Asian bonds tumble as stocks plunge

More doom and gloom for the Asian credit market expected this week as US stocks suffer their worst fall since February.
A global sell-off in equities led Asian bond prices to drop to new lows last week amid on-going fears of a housing slump and a potential credit-crunch.

Following a 2.3% slide in the blue-chip Dow Jones index at the end of last week, the region saw TokyoÆs Nikkei fall 2.7% and the MSCI û a measure of share performance elsewhere in the region û drop 4%. The benchmark Hang Seng Index ended at 22,570.41.

Asian investment-grade names across the board widened by 10bp-15bp, with high-yield names losing 30bp-40bp. Philippine bonds lost 2bp-3bp while Philippine credit default swaps (CDS) widened by 50bp. KoreaÆs CDS increased to 35bp on Friday, up from 20bp at close of day Thursday.

The delay of DaimlerChryslerÆs $7.4 billion deal to spin-off Chrysler had already rattled investors. Bankers were forced to postpone a $12 billion syndicated loan to finance the transaction. Further, drug-retailer AllianceBoots postponed the syndication of $10.4 billion worth of senior debt for its leveraged buyout, while Oneida, a marketer of stainless steel silverware/flatware, cancelled its $120 million loan, according to Reuters LPC.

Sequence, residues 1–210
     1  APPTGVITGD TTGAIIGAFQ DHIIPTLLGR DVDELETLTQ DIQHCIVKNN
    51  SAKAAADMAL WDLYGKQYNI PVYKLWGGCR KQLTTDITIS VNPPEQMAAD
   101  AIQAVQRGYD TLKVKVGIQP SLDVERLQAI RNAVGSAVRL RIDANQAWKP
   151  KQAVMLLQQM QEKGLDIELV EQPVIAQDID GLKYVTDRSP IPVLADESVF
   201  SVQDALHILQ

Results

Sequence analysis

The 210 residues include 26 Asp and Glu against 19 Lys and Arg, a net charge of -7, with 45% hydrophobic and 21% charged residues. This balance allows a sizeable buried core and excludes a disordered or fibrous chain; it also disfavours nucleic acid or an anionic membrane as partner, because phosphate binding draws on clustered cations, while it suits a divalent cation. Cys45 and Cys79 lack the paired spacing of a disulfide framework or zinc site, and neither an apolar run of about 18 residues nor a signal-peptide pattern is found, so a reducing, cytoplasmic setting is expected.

ôPeople are concerned about liquidity,ö says one syndicate banker. ô$100 billion of LBO financing is waiting to get done, and expectation of this supply is putting further pressure on the markets. Investors are becoming more selective, and also more demanding about price and covenants.ö

There was some good news last week, however. On Friday, the US Commerce Department released its estimate for US GDP growth for the second quarter. Reuters reports that the housing downturn proved less problematic for the economy in this period, with real residential fixed investment falling only 9.3%, versus 16.3% in the first quarter. Inflation data, however, is mixed. The personal consumption expenditure price index showed a 4.3% rise, but the core rate of inflation rose by only 1.4% in the second quarter, versus a 2.4% rise in the first quarter. The Fed, meanwhile, is expecting a range of 2.25% to 2.5% in average growth for the year.

For the moment though, markets are just too unpredictable for borrowers.

ôNo-one wants to take unnecessary risk. WeÆll wait for the storm to settle before pushing out the boat,ö says one syndicate banker.

Bonds currently on watch are PakistanÆs Azgard Nine, and Indonesia's PT Cikarang Listrindo and PT Mobile-8 Telecom Tbk. All are waiting for markets to stabilise before pricing their deals.
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